Our native yarrow is one of our most common prairie plants and can be found in both wet and dry prairies. It is quick to establish on restoration sites so is great to use for enhancement or on disturbed areas. This member of the carrot family attracts many different pollinators and beneficial insects making it an important habitat plant. It can have white to pink flowers, 1-2 ft.
Perideridia gairdneri ssp. borealis (Squawroot or Yampah)
This species of wild carrot is native to western North America and was an important and often a staple food plant for many Native American groups. In Western Oregon, it is found in both wet and dry prairies. The stems are very tall, but delicate often reaching 5 feet at peak flowering.
Another really great summer blooming umbel for the garden. A slender 2' perennial with delicate, grass-like leaves and several compound umbels of minute white flowers. Similar to the invasive Queen Anne's Lace but much more elegant. Best planted in tight clumps.
Although the flowers are not brightly colored, this plant in the waterleaf family attracts a wide-variety of native bees making this a must for both upland restorations and native gardens. The flowering stems elongate as they mature with new flowers opening in long succession in mid-summer. Found in dry, rocky habitat at low and high elevations.
Selected long ago at Bellevue Botanic Garden, WA, for its superior form and color. It emerges every spring with dark chocolate foliage. Over the season, the leaves age to green with some ruddy highlights. White flowers on stems to 4 ft., leaves to 24 in.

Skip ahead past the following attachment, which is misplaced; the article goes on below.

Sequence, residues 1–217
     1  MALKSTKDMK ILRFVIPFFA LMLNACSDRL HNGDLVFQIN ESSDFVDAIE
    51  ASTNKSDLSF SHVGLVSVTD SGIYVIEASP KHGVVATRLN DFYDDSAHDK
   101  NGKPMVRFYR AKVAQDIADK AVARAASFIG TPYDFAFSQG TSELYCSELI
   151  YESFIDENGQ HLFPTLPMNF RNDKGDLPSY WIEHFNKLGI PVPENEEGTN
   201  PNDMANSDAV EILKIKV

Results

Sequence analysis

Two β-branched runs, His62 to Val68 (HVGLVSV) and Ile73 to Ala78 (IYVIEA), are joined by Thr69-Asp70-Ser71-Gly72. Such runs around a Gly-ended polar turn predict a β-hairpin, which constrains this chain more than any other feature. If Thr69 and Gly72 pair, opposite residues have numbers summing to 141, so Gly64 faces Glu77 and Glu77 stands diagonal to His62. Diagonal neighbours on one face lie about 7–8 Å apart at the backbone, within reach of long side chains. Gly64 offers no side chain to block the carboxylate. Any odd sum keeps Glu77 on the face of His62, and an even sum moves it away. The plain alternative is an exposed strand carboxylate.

It is widely recognized as one of the best forms that emerges with red leaves. The color is retained longer than other varieties, especially in full sun. Rodgersia are prone to spring frost so choosing a good site is important, and if they do get burnt back they will re-emerge. They are strong. Spreading ground cover to 24 in. in foliage, and 4ft., in blossom with white flowers.
Symphytum x uplandicum 'Axminster Gold' (Variegated Russian Comfrey)
A plant of real distinction with large leaves boldly edged in vibrant yellow. Robust to 3 ft. in flower, it will enliven any area where it grows. Easy and very fast in spring - a great attention grabbing garden center flip.
Meadow deathcamas may have a bad rap for due to its toxicity to mammals but as a habitat plant for pollinators it is incredibly important. It grows in many habitats though out the west from dry sage-brush steppe to upland prairies. It has abundant star-like, cream-colored flowers bloom in late-spring and attract many species of bees. Death camas is unrelated to Camassia species which were an important food plant for Native Americans